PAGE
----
CSS: Formatting Visual Data
Illustration by John Hersey

Styling multiple terms


From:

CSS: Formatting Visual Data

with Joseph Lowery

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Video: Styling multiple terms

In the opening lesson of this chapter, I mentioned that it's possible for a definition list to have multiple data definitions, as coded with the DD tag. In this lesson, I'll show you a number of techniques for styling multiple definitions. Let me start, by showing you the end result of our styling. You might think, that the series of artworks shown here in the recent work section, were laid out with a number of divs or, if you want to go old school, a table. But as you probably suspect, this is all done with definition lists.
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Watch the Online Video Course CSS: Formatting Visual Data
1h 37m Intermediate Mar 26, 2013

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Having a complete toolbox at your disposal to properly structure and display data is critically important to a successful web design. In this course, author Joseph Lowery covers basic styling for numbered, bulleted, and definition lists, plus structuring and formatting tables with CSS. He also includes instructions on creating charts and graphs with the HTML5 Canvas element. Each section of the course highlights advanced CSS, HTML5, and JavaScript techniques that increase interactivity, yield responsive designs, and heighten the user experience.

Topics include:
  • Adding custom number characters to lists
  • Managing hanging indents
  • Styling nested lists
  • Understanding definition lists
  • Highlighting table content
  • Creating alternating row colors (zebra stripes)
  • Building bar graphs and pie charts
Subject:
Web
Software:
CSS
Author:
Joseph Lowery

Styling multiple terms

In the opening lesson of this chapter, I mentioned that it's possible for a definition list to have multiple data definitions, as coded with the DD tag. In this lesson, I'll show you a number of techniques for styling multiple definitions. Let me start, by showing you the end result of our styling. You might think, that the series of artworks shown here in the recent work section, were laid out with a number of divs or, if you want to go old school, a table. But as you probably suspect, this is all done with definition lists.

The title of each artwork is a data term, and all the information, the image, artists, medium and year, and price, are all data definitions. Best of all, the styling is done by working with just the basic tags, no classes or IDs are used. Before we start with this CSS, I want to show you what the definition list looks like unstyled. As you can see, everything is in the standard definition default appearance.

My art tiles are flush left, and all the data terms, including the images, are indented and placed one right after the other. Pretty boring, right? Let's see what we can do about that. I'll scroll to the bottom of my CSS file, and start with the first rule. We're going to move the entire definition list, over to about the middle of our white space. So I'll target main content, dl, and then set in a margin of 000 10m. Next let's style the data terms.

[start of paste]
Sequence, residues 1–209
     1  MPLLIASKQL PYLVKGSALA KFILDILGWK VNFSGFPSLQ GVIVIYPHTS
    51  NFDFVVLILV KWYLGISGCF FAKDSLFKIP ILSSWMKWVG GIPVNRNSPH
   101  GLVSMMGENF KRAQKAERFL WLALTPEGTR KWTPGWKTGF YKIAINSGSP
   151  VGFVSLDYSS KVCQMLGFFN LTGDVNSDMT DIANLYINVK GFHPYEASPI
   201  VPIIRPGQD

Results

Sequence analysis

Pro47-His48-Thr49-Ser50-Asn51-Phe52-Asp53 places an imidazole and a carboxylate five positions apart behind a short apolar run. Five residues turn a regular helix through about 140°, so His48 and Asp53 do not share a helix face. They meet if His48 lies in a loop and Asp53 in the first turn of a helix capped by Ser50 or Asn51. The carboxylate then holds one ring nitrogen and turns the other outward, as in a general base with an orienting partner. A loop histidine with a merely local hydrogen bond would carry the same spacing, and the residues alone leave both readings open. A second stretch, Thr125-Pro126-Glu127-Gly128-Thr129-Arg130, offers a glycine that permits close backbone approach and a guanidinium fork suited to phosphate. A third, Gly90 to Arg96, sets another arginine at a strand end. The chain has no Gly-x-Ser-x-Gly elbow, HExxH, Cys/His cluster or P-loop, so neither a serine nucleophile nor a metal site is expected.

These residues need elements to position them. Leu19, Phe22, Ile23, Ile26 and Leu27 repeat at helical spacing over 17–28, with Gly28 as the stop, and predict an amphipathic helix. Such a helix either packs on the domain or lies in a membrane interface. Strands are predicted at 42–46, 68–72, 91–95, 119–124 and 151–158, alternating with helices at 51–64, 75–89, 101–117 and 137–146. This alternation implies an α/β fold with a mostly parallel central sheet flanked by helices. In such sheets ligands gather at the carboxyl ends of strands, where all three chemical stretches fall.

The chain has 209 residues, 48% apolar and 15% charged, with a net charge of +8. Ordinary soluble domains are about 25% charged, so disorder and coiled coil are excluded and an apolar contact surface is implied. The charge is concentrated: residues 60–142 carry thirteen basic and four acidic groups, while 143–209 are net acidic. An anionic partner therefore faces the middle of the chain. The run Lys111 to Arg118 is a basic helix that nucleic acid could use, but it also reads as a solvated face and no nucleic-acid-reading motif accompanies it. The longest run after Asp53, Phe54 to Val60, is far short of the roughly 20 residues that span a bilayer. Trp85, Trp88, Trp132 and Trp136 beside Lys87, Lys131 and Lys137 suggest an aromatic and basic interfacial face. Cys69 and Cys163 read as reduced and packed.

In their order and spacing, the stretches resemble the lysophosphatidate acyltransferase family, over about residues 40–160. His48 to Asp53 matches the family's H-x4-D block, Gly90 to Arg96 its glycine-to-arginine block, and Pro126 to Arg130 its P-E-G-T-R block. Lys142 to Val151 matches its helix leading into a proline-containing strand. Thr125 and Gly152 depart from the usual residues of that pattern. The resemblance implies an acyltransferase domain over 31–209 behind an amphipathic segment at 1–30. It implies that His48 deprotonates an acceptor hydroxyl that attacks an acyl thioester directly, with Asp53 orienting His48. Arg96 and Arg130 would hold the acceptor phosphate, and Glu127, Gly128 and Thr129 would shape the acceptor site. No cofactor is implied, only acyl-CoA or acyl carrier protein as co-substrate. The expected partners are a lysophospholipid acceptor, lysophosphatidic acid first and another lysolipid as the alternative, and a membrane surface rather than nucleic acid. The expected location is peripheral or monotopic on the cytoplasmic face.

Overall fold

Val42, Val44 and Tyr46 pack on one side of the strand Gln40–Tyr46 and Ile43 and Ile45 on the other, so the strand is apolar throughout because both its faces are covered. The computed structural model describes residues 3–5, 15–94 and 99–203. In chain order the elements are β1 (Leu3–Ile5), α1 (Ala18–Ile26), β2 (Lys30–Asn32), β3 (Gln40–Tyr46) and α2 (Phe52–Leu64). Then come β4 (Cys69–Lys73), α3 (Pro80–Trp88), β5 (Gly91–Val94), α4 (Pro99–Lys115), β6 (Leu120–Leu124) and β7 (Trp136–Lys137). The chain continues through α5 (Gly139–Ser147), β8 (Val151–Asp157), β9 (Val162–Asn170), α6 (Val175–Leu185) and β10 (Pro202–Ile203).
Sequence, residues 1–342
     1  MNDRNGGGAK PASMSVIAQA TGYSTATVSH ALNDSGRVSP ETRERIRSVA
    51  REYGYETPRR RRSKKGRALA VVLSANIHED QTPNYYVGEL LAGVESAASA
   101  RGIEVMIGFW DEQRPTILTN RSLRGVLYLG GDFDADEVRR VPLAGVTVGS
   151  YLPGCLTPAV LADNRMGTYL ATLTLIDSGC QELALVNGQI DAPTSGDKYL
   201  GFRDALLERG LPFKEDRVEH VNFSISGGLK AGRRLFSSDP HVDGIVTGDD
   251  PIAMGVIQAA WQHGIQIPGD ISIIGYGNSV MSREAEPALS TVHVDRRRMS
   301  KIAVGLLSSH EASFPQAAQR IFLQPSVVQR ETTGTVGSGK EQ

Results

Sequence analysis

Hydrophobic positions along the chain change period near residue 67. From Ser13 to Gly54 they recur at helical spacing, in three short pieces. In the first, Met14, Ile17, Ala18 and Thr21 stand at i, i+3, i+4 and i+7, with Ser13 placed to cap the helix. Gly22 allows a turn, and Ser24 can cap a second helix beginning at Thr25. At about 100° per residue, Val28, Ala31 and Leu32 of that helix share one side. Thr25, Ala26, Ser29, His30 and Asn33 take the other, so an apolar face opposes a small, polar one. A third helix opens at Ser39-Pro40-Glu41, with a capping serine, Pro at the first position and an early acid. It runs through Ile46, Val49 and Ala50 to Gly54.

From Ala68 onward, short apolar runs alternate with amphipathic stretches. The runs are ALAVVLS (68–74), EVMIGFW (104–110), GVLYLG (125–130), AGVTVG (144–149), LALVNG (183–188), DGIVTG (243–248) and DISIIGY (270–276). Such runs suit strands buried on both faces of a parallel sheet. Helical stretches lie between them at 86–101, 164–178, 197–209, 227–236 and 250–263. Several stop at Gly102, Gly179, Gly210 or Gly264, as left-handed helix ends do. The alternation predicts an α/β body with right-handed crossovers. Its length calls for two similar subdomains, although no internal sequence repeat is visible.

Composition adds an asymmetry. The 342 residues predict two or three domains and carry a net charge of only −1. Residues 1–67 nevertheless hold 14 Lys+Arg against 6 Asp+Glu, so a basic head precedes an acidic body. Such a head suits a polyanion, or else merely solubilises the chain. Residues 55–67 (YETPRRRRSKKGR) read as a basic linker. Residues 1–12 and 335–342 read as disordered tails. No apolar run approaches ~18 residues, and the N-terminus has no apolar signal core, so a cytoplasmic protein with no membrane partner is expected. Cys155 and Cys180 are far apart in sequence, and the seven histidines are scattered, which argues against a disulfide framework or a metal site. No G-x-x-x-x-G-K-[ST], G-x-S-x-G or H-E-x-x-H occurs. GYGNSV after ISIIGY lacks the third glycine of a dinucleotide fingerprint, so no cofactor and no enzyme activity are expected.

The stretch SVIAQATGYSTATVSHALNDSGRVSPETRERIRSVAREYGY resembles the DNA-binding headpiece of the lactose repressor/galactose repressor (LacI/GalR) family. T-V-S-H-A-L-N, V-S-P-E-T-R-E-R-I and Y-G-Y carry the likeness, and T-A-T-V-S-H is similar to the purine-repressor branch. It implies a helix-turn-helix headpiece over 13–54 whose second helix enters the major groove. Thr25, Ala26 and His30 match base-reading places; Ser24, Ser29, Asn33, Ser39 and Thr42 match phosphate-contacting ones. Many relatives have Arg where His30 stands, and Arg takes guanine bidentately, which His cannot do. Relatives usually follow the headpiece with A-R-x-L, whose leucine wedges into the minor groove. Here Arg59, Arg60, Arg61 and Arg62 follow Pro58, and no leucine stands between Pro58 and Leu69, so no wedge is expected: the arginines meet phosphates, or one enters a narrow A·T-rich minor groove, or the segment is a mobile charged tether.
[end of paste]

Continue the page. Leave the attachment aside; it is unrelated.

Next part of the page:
Again, I'm going to make them bold and uppercase. (SOUND). So I'll set the font weight, to bold, and use text transform, to uppercase the terms. Next, I'll add some separation, between the data terms, with a padding top property. Finally, although it's not in place yet, we are going to float the images, so I'll need to clear the float for every data term. We're ready to tackle the dd tag.

To get where we want to go, it'll take three rules. First, we'll zero out the margin on the basic dd tag. Next, let's float the image within the dd tags. So we'll target main content, dd, image, and enter in a float, left property. I also want to put a little separation between the image and my text, so I'll use margin right. And I'll set the value to 2 m's.

All that's left is to highlight the price, by coloring it green. To target a specific dd tag in a series of them, we can use the Nth of type pseudo selector. I want to select every fourth one, so I'll enter in a formula that allows me to do that. First let's hit the selector, main content, dd, and this is a pseudo selector, so you enter in a colon, and it's nth of type.

And then you follow that with a set of parentheses, and you enter in the formula. If I want every fourth one, of 4 n plus 0. Okay, that's the selector. Let's put in our curly braces, and simple property, we'll color it green. That's it. So, let's save CSS file first, and back to the browser, click refresh, looks good. Let's scroll down and see how it carries through.

Everything looks fine. Keep in mind that the nth of type pseudo selector, which targeted the fourth of our dd terms, can only be used when the definition list follows a very rigid structure, as with our example.

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